DevOps University plans to use real-world scenarios, hands-on experiences and train agency employees at both the executive and grassroots levels.
A new educational initiative to teach DevOps best practices aims specifically to prevent federal government employees from falling victim to the Airline Magazine Syndrome.
Never heard of it? That's what InfoZen President Raj Ananthanpillai calls the situation in which someone receives important and exciting information, whether by way of an airline magazine or a DevOps course. But a week later, for whatever reason, all the excitement and plans for implementation have disappeared.
In the federal government, “people try to do DevOps or agile and then they get bogged down or something happens and then it fizzles out,” he told Nextgov.
In an attempt to avoid the pitfall, Ananthanpillai said InfoZen’s initiative DevOps University plans to use real-world scenarios, hands-on experiences and training for agency employees at both the executive and front-line levels.
Agile capabilities, such as DevOps, a strategy connecting the development and operations communities, have become something of the gold standard for federal agencies creating and implementing quick, cost-effective innovative IT. But although entities such as General Services Administration’s 18F have had success with these practices, other agencies aren’t as lucky.
DevOps University is far from the only private sector program focused on honing these skills in federal government employees, but its specific approach is distinctive.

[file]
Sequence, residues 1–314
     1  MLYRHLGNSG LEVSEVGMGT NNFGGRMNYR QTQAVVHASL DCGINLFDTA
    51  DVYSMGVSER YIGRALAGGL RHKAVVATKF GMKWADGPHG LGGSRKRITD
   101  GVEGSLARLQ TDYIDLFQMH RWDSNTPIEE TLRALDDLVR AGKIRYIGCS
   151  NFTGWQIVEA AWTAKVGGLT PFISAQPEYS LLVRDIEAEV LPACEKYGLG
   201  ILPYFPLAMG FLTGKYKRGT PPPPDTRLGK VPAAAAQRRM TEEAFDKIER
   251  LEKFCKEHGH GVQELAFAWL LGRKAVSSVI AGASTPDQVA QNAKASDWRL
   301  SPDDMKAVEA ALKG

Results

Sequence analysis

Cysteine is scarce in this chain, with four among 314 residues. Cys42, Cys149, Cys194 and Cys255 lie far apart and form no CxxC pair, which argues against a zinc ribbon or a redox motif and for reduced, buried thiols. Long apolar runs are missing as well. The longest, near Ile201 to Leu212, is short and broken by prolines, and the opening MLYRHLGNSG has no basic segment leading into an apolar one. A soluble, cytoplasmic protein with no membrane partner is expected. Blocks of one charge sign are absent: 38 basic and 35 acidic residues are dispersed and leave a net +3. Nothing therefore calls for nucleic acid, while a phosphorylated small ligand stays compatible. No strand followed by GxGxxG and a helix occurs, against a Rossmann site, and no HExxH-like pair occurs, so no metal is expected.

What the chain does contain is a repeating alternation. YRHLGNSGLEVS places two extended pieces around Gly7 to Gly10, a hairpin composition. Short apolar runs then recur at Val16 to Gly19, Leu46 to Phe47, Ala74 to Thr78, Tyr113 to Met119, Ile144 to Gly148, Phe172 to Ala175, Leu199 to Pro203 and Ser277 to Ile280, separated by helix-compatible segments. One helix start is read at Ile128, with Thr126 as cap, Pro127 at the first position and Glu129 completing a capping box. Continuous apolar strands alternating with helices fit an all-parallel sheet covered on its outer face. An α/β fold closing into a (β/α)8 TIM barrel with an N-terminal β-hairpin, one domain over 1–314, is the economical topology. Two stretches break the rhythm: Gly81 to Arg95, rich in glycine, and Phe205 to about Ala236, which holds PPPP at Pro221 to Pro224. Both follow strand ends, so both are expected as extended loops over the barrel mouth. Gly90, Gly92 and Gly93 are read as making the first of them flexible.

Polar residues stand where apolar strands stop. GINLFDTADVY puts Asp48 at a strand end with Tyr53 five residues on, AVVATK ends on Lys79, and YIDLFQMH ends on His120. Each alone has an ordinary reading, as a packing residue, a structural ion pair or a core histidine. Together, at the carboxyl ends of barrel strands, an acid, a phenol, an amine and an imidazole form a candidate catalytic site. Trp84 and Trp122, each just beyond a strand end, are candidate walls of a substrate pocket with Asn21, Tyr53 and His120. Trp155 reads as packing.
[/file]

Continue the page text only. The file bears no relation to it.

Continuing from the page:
“Rather than being trained by somebody who’s essentially just going to go off of a sheet of music that says, ‘here is a subject and we're going to talk about the subject and after the end of the subject, we're going to do a test’ . . . the training is more of simulating what it feels like to be in a startup environment,” said Jeff Highman, InfoZen’s vice president of software development, in an interview with Nextgov.
Scheduled to begin in September, DevOps University is designed to focus on one specific discipline, continuous delivery, in which teams produce software on an ongoing basis.
The program is expected to involve two tracks, one geared toward the executive-level employee and one designed for those working on the ground floor of an agency (although individuals are encouraged to take both).
The leadership strategy course is meant to provide its participants with a real-world roadmap for using DevOps in federal agencies. It leads students on a progression from traditional practices, such as the systems development life cycle and the waterfall strategy, to DevOps practices, Highman said.
“If you give them a specific roadmap that says, ‘this is how you do it’. . . and give them a cookbook-type recipe, with all the ingredients and exact measurements and how you determine the final output, it makes it easy,” Ananthanpillai said.
The practitioner course is expected to involve no more than eight students for each session and is designed to be very experiential. Participants will be expected to develop a product, deploy it online and post its source code on GitHub, Highman said.
“If you've never worn glasses before, I could describe to you the concept of what glasses are, how they improve your vision, but you would never really feel what glasses were like until you actually put them on,” he said. “That’s what we're trying to build.”
In the future, they expect to add additional curricula and form partnerships with universities, Ananthanpillai said.
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